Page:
Over 2,500 Lightning strikes on June 8

Storm is followed by Lightning Safety Week

“There were numerous thunderstorms across the central interior on June 8 which is when we had that severe thunderstorm watch in effect. There were over 2,500 lightning strikes within a 150 km radius of 100 Mile House,” says Matt MacDonald, a meteorologist with Environment Canada.

At the time MacDonald said, “we have a pretty vigorous cold front that’s going to sweep across the province today, I’m sure you can already feel that muggy air that’s in place, and humidity is one of the key factors here for the development of thunderstorms.”

The thunderstorm indeed turned out quite severe.

“It was our most active lightening day of the season so far this year. There was also some strong winds recorded with that. There was a thunderstorm cell that passed close to the Williams Lake airport and they got a gust to 88 km an hour. In terms of rainfall, there was about 10 to 15 mm of rain from some thunderstorms that day but rainfall with these thunderstorms is highly variable. Some areas only saw a millimetre or two. “

For MacDonald, safety is a top priority, which is why this week is Lightning Safety Week. He warns people that anytime you hear thunder you’re within striking distance and that we had the first lighting victim of the season on Vancouver Island on May 30.

“You need to take lightening serious. Often times people wait a little bit too long for the rain to be over them to seek shelter… Really the only safe place during a lightning storm is indoors in a solid building or an all-metal vehicle.”

“We do lightning safety week every year before school gets out to try and advocate safe messaging and actions to kids in school before they get off for summer break.”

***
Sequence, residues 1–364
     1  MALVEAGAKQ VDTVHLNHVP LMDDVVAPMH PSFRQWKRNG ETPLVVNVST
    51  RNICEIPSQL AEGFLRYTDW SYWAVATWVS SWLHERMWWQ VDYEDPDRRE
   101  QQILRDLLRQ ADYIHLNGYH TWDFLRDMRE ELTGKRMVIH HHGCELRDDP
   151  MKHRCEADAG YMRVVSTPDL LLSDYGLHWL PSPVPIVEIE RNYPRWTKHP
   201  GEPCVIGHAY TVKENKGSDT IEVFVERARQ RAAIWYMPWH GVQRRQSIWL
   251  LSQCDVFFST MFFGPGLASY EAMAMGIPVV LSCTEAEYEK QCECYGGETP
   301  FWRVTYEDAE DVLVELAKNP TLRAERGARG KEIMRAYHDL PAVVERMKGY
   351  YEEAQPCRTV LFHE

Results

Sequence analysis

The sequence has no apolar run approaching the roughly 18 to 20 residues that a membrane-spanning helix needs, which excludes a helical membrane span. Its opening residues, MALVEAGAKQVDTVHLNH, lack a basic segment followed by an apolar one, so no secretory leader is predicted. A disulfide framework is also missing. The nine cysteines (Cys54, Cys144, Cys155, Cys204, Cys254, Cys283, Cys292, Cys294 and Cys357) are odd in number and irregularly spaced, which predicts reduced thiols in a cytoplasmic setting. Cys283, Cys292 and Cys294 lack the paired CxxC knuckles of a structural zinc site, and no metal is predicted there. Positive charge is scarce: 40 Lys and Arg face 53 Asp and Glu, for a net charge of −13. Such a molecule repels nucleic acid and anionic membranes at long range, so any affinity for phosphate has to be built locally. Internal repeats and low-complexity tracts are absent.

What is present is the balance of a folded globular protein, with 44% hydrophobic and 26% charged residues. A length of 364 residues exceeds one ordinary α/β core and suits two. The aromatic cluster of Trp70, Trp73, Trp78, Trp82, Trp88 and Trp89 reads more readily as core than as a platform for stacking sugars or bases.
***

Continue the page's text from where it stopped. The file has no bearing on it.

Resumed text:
According to Fire Information Officer for the Cariboo Fire Centre, Natasha Broznitsky, no forest fires were started as a result of the storm.

“There have been no lightning caused fires due to that lightning… It could be due in part due to the fact that the lightening was in that area and it’s also been most prevalent in the eastern part of the fire centre and generally we’ve been seeing much lower fire danger ratings in the east.”

Broznitsky notes firefighters are still fighting a lightning cause fire near Pantage Lake, 40 km north-west of Quesnel.

“Today [June 12] we have 35 firefighters on site and at this point, they are patrolling the fire to look for any remaining hot spots. It is 100 per cent contained and it stayed at 168 hectares in size.”

Broznitsky asks people to be careful especially when going west, such as in the Alexis Creek and Tatla Lake areas, where fire danger ratings have started to go up.

“If we were to start getting some lightning-caused fires it would certainly be nice not to have to divert resources away from those to respond to human cause wild fires.”